According to epicurean legend, and my 6th grade reader from my days in elementary school, in 1853 an unhappy customer at a restaurant in Saratoga Springs, NY kept returning his fried potatoes to the chef, requesting they be prepared much thinner. After they were returned for the fifth time, the exasperated chef sliced them paper thin, deep fried the slices, and sprinkled them with salt.
Wallah, the potato chip was born.
It took about 60 years for the salty snacks to evolve from being strictly restaurant food to being sold in bags for home consumption. Before long, consumers grew board with only one flavor of chip, salt. Thus, the 1950s saw the introduction of the first flavored chip, Tayto's Cheese & Onion, followed soon by BBQ and Sour Cream & Onion.
This longing for flavor, during the 50s also saw the emergence of the dip, at least I think it did. I'm pretty proficient at researching material online, and I can't find mention of any "dip recipe" from the 50s. However in 1947, Fannie Farmer’s The Boston Cooking-School Cookbook lists recipes for, "cocktail spreads intended for use with canapés or hors d’oeuvres devised from crackers."
Fast forward thirteen years, and The Oxford English Dictionary cites the earliest printed appearance of the word “dip,” at least in the culinary sense of the word, as having come in the following sentence from James Kirkwood’s 1960 book There Must be a Pony!: “We were up to our necks in dips: clam dip, cheese dip, mushroom dip.” Thus, it seems obvious that something happened during that thirteen year gap to add, at least those three, dips to our vocabulary. Parties haven't been the same since.
So, how do you define a potato chip and a dip?
First the potato chip. Believe it or not, this question has a legal answer. In 1975 competitors of Pringles brought the manufacturer of Pringles to court claiming the canned snack is made from pressed potato flour, and therefore isn't a, "chip of potato." The ruling resulted in the following definition for "potato chip" being adopted as law: "A thin slice of potato fried in deep fat until crisp and then usually seasoned." Potato snacks made from pressed potato flour must be labeled as chips made from dried potatoes or potato crisps.
As for dips, most people would define a dip as, "a tasty mixture or liquid into which bite-sized foods are dipped." However, Alton Brown adds the criteria that a dip must, "maintain contact with its transport mechanism over three feet of white carpet." I can see how this addition would be useful for tidy party hosts. Yet, it excludes salsas, ranch dips, blue cheese dips, nacho dips, and too many others to be a useful part of a practical definition.
At this point, many bloggers would post a recipe for homemade potato chips, citing one's ability to control salt levels, etc... I've never made my own chips. With the numerous varieties on the market that are; low fat, low salt, kettle cooked, all natural, etc...; for only a few bucks a bag, I've never seen making my own chips as being time or cost effective. However, if you want to make your own you can visit Our Best Bites for the recipe.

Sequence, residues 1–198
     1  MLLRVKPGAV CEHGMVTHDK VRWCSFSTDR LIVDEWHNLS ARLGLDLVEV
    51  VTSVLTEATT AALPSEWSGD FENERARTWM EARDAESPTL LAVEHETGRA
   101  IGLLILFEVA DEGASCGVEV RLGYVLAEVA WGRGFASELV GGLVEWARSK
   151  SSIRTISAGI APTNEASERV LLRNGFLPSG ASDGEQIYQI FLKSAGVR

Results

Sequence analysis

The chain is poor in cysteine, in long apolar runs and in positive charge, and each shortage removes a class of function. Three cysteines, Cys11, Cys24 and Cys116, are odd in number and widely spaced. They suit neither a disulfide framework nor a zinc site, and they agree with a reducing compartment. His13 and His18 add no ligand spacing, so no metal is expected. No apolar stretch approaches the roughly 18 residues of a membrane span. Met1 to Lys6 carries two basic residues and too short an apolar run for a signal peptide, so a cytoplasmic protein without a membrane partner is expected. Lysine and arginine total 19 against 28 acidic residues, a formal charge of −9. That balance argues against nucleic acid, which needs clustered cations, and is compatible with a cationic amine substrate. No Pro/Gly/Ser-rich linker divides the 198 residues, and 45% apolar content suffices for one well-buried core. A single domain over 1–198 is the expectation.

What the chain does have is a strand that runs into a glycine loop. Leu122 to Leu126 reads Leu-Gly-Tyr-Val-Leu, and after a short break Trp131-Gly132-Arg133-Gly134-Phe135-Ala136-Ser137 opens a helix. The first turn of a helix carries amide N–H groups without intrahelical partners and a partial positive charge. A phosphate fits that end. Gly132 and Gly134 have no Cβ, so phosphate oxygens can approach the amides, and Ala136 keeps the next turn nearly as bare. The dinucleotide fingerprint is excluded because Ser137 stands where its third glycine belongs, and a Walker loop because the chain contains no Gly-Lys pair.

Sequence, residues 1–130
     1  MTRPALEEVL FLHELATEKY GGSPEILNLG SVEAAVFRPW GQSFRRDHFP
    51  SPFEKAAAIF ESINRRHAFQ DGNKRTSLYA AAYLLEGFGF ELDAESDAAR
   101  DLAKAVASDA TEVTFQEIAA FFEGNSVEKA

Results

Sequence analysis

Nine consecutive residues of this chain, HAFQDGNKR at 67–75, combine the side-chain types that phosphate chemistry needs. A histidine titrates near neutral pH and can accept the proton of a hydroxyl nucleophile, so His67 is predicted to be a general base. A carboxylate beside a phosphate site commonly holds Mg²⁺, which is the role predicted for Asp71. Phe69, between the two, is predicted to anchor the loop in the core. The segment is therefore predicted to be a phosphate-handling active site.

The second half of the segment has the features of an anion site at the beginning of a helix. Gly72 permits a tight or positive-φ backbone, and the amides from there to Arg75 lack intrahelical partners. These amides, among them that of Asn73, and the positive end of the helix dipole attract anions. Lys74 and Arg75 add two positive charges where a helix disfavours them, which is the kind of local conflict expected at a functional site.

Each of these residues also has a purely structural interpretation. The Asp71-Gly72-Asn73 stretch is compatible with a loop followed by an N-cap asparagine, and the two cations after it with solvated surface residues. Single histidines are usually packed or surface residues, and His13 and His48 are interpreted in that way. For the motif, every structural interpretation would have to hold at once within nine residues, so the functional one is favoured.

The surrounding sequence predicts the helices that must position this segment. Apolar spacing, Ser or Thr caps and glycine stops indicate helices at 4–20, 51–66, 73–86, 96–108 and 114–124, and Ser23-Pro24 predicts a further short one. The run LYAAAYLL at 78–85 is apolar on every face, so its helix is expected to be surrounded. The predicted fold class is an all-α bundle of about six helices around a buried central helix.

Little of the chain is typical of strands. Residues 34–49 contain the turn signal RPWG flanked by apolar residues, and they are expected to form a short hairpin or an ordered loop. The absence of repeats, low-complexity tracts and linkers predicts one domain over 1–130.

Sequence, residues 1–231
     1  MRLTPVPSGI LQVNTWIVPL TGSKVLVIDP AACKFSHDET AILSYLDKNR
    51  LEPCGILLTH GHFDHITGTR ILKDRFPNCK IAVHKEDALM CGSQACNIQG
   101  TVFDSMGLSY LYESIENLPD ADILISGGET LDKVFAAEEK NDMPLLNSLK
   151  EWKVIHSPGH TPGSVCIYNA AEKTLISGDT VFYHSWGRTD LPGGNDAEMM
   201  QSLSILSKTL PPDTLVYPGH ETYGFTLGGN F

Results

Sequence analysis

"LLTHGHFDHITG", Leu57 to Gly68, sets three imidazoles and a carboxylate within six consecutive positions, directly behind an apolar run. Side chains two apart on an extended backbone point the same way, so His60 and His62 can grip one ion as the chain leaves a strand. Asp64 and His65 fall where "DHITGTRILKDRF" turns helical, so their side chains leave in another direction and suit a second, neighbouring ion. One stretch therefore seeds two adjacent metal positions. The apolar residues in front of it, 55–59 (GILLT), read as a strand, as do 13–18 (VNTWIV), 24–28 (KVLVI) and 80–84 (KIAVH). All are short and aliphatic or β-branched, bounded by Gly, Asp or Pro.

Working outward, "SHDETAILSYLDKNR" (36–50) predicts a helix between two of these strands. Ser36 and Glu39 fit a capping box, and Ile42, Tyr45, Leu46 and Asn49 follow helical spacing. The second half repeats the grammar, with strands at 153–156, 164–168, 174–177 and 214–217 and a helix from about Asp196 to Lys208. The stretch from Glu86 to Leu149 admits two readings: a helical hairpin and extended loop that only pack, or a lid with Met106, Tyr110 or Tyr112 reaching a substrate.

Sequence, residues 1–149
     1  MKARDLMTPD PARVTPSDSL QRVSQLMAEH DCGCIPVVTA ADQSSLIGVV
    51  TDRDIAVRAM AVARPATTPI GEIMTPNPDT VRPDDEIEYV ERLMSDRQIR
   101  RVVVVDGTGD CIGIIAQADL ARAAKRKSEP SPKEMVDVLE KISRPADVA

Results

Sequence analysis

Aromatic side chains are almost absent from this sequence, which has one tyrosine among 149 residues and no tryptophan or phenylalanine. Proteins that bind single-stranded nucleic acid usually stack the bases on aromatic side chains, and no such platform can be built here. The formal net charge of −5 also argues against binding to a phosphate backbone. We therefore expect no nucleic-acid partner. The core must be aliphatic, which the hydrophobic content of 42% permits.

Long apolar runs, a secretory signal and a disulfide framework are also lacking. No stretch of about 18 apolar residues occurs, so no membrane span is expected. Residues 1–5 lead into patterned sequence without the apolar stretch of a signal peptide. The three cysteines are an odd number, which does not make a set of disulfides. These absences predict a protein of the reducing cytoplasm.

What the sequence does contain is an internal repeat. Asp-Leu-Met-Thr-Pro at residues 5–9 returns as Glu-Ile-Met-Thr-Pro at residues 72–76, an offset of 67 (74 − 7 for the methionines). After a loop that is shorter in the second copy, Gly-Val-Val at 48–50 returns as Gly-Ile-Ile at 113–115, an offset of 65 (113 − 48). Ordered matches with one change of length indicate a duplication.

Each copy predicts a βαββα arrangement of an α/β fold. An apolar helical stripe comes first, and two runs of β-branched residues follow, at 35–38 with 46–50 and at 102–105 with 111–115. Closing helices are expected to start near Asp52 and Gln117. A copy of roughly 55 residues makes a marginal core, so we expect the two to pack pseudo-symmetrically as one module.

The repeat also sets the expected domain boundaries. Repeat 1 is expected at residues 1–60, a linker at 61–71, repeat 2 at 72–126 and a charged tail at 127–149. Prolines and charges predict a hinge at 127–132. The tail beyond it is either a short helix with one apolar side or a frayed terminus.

Dip's a different story though, making dip takes almost no time or effort and gives you control over texture, flavor strength, salt..... My favorite is the tried and true Classic Onion Dip.
Classic Onion Dip
This is a variation of your basic Onion Dip, A.K.A. French Onion Dip, recipe. While some recipes don't specify the type of onion to be used, I'm recommending green onions, or scallions, for a milder flavor. If you want a stronger tasting dip, feel free to substitute red or yellow onions (which may take up to 20 minutes to caramelize), as long as you're not planning to kiss someone soon after.
Some recipes season the dip with ground white pepper for aesthetic purposes as well as for taste. Honestly, black pepper and white pepper taste the same to me, and the visual contrast delivered by ground black pepper doesn't bother me. Thus, if you have black, and not white, pepper I can't see making a special white pepper purchase just to make this dip.
2 tablespoons olive oil
1 1 cup finely chopped green onions
1/4 teaspoon kosher salt
1 1/2 cups sour cream
3/4 cup mayonnaise
1/4 teaspoon garlic powder
1/4 teaspoon ground pepper
1/2 teaspoon kosher salt
In a sauté pan over medium heat add oil, heat and add onions and salt. Cook the onions until they are caramelized, about 3 minutes. Remove from heat and set aside to cool. Mix the rest of the ingredients, and then add the cooled onions. Refrigerate and stir again before serving.
Healthier dips from around the web include:
- Fellow blogger, and licensed dietitian, Ryan Baggett MA, RD, LD just posted a recipe for Protein-Packed Peanut Butter Dip on her blog i.run.on.nutrition|
- The Mayo Clinic's recipe for Artichoke dip|
- Cooking Light's recipe for Warm Carmelized Onion Dip|
- Seinfeld fans know double-dipping, or; dipping a food, biting it, and redipping it into communal dip; is a first class no no. If you HAVE to redip, spoon some dip onto your plate and use that portion to keep your germs out of the communal dip.
- Don't dip past the first knuckle was my dad's was of telling us kids not to put our hands into the communal dip. Only the food should come into contact with the dip, not the dipper's skin or nail.
- Don't abandon a chip that's lost in the dip, grab a spoon and fish it out. People don't want to scoop up your soggy chip with their chip by accident.
Classic Onion Dip recipes prints as page 3 for your refrigerator or recipe file.